Zimbabwe ‘funny money’ bond notes now a collector’s item on eBay

HANG your heads in shame, all you haters that have mocked Zimbabwe’s bond note and doubted its value.

Not only has the bond note maintained its value, against all expectations, it is now more valuable than the US dollar.

Well, at least on eBay, the online auction site.

For up to US$7, you can now buy the US$2 bond note, 250 percent above its official face value at home. The US$5 bond note, which was released on February 2 this year, fetches US$17,59, over three times its nominal value.

Hit by massive cash shortages, the Reserve Bank of Zimbabwe (RBZ) introduced the bond note in 2016, and pegged it at par with the US dollar on the back of a US$250 million fund from the African Export Import Bank. RBZ has to date issued US$94 million worth of bond notes onto the market.

The RBZ calls the bond note an export incentive, a deliberate twist of PR meant to ease the note’s acceptance in an economy still traumatised by memories of the Zimbabwe dollar.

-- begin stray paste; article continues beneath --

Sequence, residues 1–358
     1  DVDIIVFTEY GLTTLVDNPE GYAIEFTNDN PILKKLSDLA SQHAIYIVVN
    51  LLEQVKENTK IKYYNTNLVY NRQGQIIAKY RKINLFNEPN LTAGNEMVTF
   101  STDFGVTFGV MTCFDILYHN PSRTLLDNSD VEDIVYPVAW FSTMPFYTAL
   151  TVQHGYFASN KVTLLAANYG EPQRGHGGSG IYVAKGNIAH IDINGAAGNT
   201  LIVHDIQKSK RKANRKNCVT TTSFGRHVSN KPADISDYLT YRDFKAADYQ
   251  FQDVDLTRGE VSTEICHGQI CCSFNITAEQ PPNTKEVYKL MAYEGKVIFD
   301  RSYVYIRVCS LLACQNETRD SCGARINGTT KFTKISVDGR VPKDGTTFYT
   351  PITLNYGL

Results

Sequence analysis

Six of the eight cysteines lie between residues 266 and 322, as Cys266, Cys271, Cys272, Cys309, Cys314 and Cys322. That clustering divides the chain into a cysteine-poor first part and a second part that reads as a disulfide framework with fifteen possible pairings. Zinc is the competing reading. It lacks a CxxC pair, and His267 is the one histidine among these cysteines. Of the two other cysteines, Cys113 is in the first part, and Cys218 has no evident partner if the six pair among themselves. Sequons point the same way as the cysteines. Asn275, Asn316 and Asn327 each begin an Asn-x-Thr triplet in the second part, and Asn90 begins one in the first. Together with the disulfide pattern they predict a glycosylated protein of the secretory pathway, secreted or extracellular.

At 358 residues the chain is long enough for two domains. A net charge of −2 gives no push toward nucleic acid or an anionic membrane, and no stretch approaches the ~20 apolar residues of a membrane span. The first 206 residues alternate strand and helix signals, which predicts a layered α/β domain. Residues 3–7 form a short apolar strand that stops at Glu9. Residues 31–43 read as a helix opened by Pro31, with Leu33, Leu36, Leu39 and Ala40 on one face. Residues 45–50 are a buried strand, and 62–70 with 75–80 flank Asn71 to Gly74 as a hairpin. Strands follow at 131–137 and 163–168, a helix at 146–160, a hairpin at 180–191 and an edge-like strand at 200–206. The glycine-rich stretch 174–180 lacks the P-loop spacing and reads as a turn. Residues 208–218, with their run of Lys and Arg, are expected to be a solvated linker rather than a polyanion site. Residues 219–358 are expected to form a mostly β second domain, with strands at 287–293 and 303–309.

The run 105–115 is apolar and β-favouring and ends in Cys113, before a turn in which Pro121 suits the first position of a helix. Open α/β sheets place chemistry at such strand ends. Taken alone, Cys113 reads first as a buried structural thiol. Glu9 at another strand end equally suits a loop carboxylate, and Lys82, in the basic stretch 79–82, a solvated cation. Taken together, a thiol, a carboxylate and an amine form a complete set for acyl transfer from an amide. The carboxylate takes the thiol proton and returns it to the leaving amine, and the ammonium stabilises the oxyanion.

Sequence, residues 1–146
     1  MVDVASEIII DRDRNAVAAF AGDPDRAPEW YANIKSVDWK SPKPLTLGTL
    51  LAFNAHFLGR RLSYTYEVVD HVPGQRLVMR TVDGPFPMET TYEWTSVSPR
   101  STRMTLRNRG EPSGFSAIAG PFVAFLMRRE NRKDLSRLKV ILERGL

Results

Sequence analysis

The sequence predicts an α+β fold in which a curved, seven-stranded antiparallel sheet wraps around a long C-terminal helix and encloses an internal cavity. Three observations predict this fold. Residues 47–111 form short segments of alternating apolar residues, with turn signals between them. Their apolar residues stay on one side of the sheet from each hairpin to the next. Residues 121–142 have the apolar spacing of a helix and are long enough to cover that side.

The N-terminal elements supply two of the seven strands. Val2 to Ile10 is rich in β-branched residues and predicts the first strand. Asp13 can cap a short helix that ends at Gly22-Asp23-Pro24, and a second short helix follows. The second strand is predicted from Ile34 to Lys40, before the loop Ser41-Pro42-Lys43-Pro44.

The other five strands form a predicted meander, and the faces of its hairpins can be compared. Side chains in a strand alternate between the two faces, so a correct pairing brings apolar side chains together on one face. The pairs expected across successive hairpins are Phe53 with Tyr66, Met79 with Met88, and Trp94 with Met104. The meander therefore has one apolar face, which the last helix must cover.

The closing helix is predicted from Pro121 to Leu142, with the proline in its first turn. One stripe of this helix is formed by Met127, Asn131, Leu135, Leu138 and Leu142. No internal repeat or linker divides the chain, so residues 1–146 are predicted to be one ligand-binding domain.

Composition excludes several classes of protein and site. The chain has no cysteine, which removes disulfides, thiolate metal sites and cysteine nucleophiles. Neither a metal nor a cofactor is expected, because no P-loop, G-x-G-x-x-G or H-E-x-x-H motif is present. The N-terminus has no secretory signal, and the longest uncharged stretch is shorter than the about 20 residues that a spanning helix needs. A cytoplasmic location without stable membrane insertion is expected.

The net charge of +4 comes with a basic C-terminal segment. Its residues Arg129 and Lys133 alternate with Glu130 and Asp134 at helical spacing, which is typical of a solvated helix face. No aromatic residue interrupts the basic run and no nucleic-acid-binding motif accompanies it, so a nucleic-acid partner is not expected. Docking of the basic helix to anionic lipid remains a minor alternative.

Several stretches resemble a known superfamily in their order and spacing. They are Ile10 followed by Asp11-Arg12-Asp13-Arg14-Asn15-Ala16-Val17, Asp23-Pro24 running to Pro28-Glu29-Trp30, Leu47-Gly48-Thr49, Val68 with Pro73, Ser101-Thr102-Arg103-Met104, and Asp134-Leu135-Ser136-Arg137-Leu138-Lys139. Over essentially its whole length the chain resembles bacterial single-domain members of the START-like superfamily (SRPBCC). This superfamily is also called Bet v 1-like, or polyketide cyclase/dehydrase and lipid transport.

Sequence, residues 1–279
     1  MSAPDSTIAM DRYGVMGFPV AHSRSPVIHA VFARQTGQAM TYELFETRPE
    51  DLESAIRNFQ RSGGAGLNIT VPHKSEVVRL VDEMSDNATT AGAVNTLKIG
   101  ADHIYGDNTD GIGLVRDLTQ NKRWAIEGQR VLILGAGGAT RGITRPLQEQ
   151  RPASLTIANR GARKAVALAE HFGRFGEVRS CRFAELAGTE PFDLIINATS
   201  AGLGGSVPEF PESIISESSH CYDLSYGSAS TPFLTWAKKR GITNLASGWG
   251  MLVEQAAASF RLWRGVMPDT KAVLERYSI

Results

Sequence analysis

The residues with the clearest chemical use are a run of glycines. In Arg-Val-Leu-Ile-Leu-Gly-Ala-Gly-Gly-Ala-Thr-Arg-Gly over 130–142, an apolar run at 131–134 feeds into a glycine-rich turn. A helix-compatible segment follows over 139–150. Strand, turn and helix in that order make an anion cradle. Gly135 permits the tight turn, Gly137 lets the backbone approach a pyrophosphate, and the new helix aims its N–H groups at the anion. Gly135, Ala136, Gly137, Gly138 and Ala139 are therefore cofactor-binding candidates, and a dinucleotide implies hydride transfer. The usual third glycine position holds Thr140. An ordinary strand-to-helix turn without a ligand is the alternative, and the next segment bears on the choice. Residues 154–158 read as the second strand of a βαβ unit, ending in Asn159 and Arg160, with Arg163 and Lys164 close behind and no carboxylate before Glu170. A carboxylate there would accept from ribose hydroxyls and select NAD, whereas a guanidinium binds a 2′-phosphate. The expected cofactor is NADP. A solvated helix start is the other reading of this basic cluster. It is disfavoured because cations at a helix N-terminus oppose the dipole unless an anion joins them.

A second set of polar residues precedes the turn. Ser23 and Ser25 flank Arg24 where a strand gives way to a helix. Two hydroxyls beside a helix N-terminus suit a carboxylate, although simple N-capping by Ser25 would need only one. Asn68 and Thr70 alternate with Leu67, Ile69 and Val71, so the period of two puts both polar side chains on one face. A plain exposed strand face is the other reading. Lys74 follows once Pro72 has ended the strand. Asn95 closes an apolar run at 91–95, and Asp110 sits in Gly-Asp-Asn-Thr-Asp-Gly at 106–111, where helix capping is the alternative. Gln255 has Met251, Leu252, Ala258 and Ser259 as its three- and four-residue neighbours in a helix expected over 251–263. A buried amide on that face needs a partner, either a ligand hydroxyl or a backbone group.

The Zimbabwe dollar itself, put out of circulation in 2009 and officially decommissioned in 2014, is now a collector’s item. Zimbabwe dollar notes are sold on the streets to tourists and banknote collectors. The US$100 trillion note, the highest of the notes issued in 2008 as inflation peaked at over 500 million percent, is a much prized collector’s item and fetches up to US$400 a piece on eBay and as much as US$100 on Zimbabwean streets.

The bond note is only legal tender inside Zimbabwe, but it is being sold on eBay by punters from anywhere from Ukraine to Ireland. One post advertises a “full bundle of 100 Zimbabwe 2 dollar bond notes” for US$675. Another is selling five Zimbabwe bond coins, ranging from one to 50 cents, for US$11,99. The bond coins were issued in 2014.

A rather overambitious seller is offering “100 new issue bimetal coins” for US$1,100.

While the bond notes punches above its weight on eBay, RBZ is working overtime to maintain the note’s US dollar parity in Zimbabwe. RBZ has limited circulation and ordered banks not to separate bond and US dollar accounts.

“This measure is essential to ensure that bond notes continue to trade at parity with the US$ and to reflect the fact that bond notes are supported by the US$200 million offshore facility to support the demand for foreign exchange attributable to bond notes,” central bank says in its latest monetary policy, released last week.

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